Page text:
Great Barrier Reef World Heritage condition
While the Outstanding Universal Value (OUV) of the Great Barrier Reef remains in good condition, the overall condition of some key attributes is poor and many have deteriorated since its World Heritage listing in 1981.
The Great Barrier Reef World Heritage listing recognises the area has Outstanding Universal Value (OUV)—natural significance which is so exceptional as to transcend national boundaries and to be of common importance for present and future generations.
The Great Barrier Reef’s OUV is based on all the four natural criteria in place at the time of listing—acknowledging the reef’s natural values, geomorphological significance and natural beauty, together with the strong ongoing links between Aboriginal and Torres Strait Islander peoples and their sea country. The area is comprehensively managed.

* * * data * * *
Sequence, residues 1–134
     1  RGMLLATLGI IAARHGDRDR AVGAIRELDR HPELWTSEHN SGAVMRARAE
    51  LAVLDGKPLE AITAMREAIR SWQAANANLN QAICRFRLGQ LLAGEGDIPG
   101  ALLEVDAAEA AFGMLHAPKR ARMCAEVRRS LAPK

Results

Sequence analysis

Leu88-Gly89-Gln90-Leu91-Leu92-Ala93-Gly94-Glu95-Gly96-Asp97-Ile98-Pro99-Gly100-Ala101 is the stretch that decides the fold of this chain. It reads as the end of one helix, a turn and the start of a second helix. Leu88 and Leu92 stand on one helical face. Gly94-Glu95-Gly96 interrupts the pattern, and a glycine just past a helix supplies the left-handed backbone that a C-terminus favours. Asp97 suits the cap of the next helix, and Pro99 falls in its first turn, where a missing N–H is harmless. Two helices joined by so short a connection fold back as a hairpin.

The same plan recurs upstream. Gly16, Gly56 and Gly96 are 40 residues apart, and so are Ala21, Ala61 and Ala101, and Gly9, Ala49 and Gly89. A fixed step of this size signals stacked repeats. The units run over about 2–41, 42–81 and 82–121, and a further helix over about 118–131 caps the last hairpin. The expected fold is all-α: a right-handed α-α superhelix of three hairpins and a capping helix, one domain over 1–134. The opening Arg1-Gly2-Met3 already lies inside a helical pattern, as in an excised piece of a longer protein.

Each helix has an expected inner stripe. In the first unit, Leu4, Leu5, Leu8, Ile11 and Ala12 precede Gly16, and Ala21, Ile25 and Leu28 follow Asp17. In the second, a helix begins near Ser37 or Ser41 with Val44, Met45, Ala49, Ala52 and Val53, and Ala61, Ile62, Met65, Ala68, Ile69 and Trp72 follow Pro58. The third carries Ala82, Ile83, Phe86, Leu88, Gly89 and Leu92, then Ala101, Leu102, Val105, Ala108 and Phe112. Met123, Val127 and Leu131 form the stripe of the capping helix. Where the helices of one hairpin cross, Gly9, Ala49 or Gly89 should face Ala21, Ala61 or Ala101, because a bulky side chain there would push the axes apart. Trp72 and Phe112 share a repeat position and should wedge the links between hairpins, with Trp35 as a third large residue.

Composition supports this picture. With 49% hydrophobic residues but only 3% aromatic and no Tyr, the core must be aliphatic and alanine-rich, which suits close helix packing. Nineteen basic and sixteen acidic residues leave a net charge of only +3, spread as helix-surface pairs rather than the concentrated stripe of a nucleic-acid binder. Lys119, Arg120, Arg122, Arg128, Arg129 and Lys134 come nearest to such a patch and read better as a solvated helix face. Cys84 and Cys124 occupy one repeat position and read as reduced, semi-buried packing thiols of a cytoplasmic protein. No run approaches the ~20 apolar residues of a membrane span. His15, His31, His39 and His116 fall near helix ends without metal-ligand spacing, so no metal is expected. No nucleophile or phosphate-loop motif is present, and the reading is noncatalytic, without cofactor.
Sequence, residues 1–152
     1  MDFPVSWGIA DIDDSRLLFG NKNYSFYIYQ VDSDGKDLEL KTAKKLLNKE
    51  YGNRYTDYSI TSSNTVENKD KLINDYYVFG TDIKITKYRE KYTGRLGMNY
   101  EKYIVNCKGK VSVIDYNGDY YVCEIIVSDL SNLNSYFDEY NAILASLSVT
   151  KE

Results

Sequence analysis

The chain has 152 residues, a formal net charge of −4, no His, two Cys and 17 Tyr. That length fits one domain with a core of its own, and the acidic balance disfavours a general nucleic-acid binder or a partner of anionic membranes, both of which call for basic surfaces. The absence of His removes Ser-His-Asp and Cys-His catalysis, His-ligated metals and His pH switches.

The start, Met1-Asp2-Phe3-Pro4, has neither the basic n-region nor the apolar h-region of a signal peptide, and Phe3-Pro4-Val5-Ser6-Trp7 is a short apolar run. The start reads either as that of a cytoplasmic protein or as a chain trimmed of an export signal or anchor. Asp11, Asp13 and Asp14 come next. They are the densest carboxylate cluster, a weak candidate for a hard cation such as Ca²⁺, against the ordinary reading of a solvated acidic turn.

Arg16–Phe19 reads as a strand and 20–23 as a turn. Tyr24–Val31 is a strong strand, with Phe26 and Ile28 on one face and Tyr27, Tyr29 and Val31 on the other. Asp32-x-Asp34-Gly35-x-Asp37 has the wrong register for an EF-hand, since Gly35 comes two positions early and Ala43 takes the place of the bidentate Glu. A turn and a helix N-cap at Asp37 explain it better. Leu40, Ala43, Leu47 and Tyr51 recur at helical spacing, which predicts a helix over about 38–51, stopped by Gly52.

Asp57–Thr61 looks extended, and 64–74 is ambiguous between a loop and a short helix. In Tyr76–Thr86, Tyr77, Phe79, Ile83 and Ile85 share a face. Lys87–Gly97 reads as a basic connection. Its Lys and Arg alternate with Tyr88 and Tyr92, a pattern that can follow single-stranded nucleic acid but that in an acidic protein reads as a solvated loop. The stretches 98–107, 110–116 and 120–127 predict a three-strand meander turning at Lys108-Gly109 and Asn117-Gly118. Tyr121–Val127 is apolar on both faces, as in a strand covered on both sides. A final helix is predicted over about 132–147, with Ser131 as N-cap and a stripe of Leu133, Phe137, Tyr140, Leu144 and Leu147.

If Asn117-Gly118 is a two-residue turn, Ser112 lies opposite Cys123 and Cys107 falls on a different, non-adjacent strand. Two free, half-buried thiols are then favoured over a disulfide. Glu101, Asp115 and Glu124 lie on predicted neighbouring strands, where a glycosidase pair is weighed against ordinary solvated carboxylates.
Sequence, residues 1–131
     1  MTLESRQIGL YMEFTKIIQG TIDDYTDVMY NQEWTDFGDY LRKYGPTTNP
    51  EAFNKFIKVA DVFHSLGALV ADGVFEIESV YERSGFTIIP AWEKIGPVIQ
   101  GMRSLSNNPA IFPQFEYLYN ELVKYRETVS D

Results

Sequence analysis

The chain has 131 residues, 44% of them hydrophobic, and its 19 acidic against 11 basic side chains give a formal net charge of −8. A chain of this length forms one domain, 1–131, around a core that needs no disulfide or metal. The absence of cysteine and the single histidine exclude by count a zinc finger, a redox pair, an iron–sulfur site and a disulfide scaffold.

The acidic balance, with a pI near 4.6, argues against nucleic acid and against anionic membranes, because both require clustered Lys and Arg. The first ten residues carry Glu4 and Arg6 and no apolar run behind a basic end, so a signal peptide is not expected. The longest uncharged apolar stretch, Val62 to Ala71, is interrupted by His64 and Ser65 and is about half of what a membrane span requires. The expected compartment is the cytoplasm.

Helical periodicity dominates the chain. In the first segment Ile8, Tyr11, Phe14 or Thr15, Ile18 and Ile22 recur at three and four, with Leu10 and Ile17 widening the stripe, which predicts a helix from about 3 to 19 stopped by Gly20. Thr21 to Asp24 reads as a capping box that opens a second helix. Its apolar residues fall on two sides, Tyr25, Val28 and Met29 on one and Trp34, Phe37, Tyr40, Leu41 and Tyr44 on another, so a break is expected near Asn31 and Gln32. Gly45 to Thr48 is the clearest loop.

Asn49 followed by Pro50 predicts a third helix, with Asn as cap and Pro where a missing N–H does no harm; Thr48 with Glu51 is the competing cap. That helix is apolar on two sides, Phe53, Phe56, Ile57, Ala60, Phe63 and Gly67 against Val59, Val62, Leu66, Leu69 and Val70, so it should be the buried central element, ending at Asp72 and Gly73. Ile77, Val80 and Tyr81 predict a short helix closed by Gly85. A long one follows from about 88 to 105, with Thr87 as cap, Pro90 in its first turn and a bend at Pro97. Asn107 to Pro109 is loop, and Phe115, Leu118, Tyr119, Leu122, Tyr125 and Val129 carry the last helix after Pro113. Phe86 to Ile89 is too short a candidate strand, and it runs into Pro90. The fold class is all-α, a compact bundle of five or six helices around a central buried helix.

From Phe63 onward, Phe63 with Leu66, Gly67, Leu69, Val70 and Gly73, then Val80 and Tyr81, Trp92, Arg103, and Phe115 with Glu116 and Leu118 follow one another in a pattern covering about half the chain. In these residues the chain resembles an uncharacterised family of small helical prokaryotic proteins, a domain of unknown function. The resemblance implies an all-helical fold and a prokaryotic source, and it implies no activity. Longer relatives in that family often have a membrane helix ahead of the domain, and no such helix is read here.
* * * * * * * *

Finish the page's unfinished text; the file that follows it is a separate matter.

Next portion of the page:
External factors are affecting the resilience of the ecosystem in some areas however, the OUV of the World Heritage area remains in good condition.
Many key attributes have deteriorated since the Reef’s listing in 1981. Those assessed as being in overall poor condition now are:
- coral reef and seagrass meadow habitats
- marine turtles
The natural beauty of most of the region remains however, its underwater aesthetic value has declined in central and southern inshore areas.
Nevertheless, the region remains a globally outstanding example of an ecosystem that has evolved over the millennia.
External pressures are also affecting the Reef’s integrity.
Great Barrier Reef World Heritage natural criteria condition as reported in the Great Barrier Reef Outlook Report 2014.
Great Barrier Reef World Heritage natural criteria condition
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